Constructive Feedback Always Passes 3 Tests
By DR. Zimmerman
1) There is nothing that causes more harm than words–thoughtless, inappropriate words. The wrong words can destroy the relationships you have with your coworkers and destroy the business you have with your customers.
Some people think there’s no need to worry about such things. All you have to do is tell the truth. After all, honesty is the best policy.
Well yes and no. I would never advocate telling a lie, and I would never endorse gossip or flattery. But plain old honesty can sometimes be harsh, brutal, or purposely used to hurt someone else.
I suggest “intelligent honesty.” In other words, before you give feedback to someone, or before you talk about someone, ask yourself three questions. If you can answer “yes” to all three questions, I would say, “Go ahead, make your comments.” But if you answer “no” to any of the questions, shut up. Don’t say anything.
The first question to ask yourself is, “IS IT TRUE?” In other words, what you are about to relay is not hunch, rumor, guess, or gossip. You have the evidence; you know your comment is absolutely true.
Second, ask yourself, “IS IT NECESSARY?” Sometimes people need to know their behavior is ineffective or inappropriate. So talk to them, not about them. At other times, your comment would not serve any useful purpose; so let it pass.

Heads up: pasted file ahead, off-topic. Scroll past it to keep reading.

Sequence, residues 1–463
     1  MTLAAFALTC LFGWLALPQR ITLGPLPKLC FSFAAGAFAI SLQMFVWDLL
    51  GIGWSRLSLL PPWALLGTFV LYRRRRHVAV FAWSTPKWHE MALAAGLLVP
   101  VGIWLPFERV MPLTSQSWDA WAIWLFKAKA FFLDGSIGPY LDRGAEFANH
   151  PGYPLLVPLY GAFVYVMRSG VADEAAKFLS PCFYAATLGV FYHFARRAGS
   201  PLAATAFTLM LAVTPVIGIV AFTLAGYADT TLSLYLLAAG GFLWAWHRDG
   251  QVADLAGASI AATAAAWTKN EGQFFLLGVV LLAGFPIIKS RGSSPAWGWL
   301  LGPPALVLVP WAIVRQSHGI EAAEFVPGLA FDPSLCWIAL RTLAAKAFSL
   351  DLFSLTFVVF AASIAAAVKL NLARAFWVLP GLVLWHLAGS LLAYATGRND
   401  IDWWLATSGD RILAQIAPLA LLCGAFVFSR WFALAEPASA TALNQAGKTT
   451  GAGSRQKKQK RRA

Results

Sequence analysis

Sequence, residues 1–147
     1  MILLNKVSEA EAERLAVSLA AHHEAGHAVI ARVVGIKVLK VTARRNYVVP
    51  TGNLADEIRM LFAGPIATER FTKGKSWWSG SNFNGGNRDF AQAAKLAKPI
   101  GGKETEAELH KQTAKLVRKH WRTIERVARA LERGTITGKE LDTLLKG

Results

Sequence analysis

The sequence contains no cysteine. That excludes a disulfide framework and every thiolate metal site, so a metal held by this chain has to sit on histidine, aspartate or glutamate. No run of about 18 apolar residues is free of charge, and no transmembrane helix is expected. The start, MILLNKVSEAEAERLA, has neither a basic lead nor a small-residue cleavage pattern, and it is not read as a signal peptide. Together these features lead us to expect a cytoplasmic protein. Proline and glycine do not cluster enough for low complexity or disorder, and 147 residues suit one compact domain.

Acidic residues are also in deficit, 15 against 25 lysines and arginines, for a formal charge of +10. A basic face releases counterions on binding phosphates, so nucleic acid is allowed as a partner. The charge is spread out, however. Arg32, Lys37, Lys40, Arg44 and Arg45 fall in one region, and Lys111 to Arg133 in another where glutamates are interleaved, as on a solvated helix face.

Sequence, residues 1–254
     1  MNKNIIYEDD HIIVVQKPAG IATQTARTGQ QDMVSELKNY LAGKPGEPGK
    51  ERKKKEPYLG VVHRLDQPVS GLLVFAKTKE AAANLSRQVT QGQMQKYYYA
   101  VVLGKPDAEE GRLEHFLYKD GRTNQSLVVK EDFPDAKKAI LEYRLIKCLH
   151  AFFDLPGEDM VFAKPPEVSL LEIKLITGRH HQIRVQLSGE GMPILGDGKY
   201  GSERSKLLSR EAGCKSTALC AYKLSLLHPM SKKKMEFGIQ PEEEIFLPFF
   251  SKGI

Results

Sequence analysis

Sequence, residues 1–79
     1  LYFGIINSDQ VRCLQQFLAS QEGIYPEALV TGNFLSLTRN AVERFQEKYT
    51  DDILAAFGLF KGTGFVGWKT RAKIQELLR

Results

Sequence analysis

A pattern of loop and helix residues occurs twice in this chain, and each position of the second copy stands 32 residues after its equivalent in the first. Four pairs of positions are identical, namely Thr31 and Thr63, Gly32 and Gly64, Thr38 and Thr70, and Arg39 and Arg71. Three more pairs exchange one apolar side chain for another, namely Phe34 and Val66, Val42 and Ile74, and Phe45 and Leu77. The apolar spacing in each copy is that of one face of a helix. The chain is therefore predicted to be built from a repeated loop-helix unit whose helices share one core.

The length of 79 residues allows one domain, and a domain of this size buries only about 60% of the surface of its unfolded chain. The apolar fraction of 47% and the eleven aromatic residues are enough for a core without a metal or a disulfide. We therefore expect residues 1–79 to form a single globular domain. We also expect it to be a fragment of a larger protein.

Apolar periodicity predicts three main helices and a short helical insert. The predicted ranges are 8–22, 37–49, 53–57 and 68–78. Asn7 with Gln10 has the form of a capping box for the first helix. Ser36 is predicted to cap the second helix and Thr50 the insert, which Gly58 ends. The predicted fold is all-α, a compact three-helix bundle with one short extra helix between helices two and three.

Finally, ask yourself, “IS IT KIND?” You may be upset with someone else, but you don’t have to make your comment in a disrespectful manner. You may want additional business with a particular customer, but you shouldn’t deceitfully flatter the customer to make the sale. It’s not kind.
Ask yourself these questions before you speak, and you’ll get in a lot less trouble and get a lot better results.
Key Point: Gossip is saying behind a person’s back what you would never say to his face, and flattery is saying to his face what you would never say behind his back.
2) Gossip is serious business, so before telling one person about another, stop and ask three questions:
• Is it true?
• Are you sure? God gets angry with people who bear false witness against their neighbor. He even included the sin in His Ten Commandments (Exodus 20:16).
• Is it necessary? Not everything that’s true is helpful to share, so it’s important to ask why you want to spill the beans. Is a life at stake? Will your information prevent someone from making a terrible mistake? Or do you merely like the idea of “being in the know”? Your juicy secret may win the admiration of a few friends, but at what cost?
Think of the person you’re destroying, then swallow your pride—and your words (Proverbs 18:21) — Mike Wittmer
3) Wendy Fandl suggests that before you say something to or about someone else, you should ask yourself: "Is it kind? Is it true? Is it necessary?"
* Submitted by BK Kang of the city.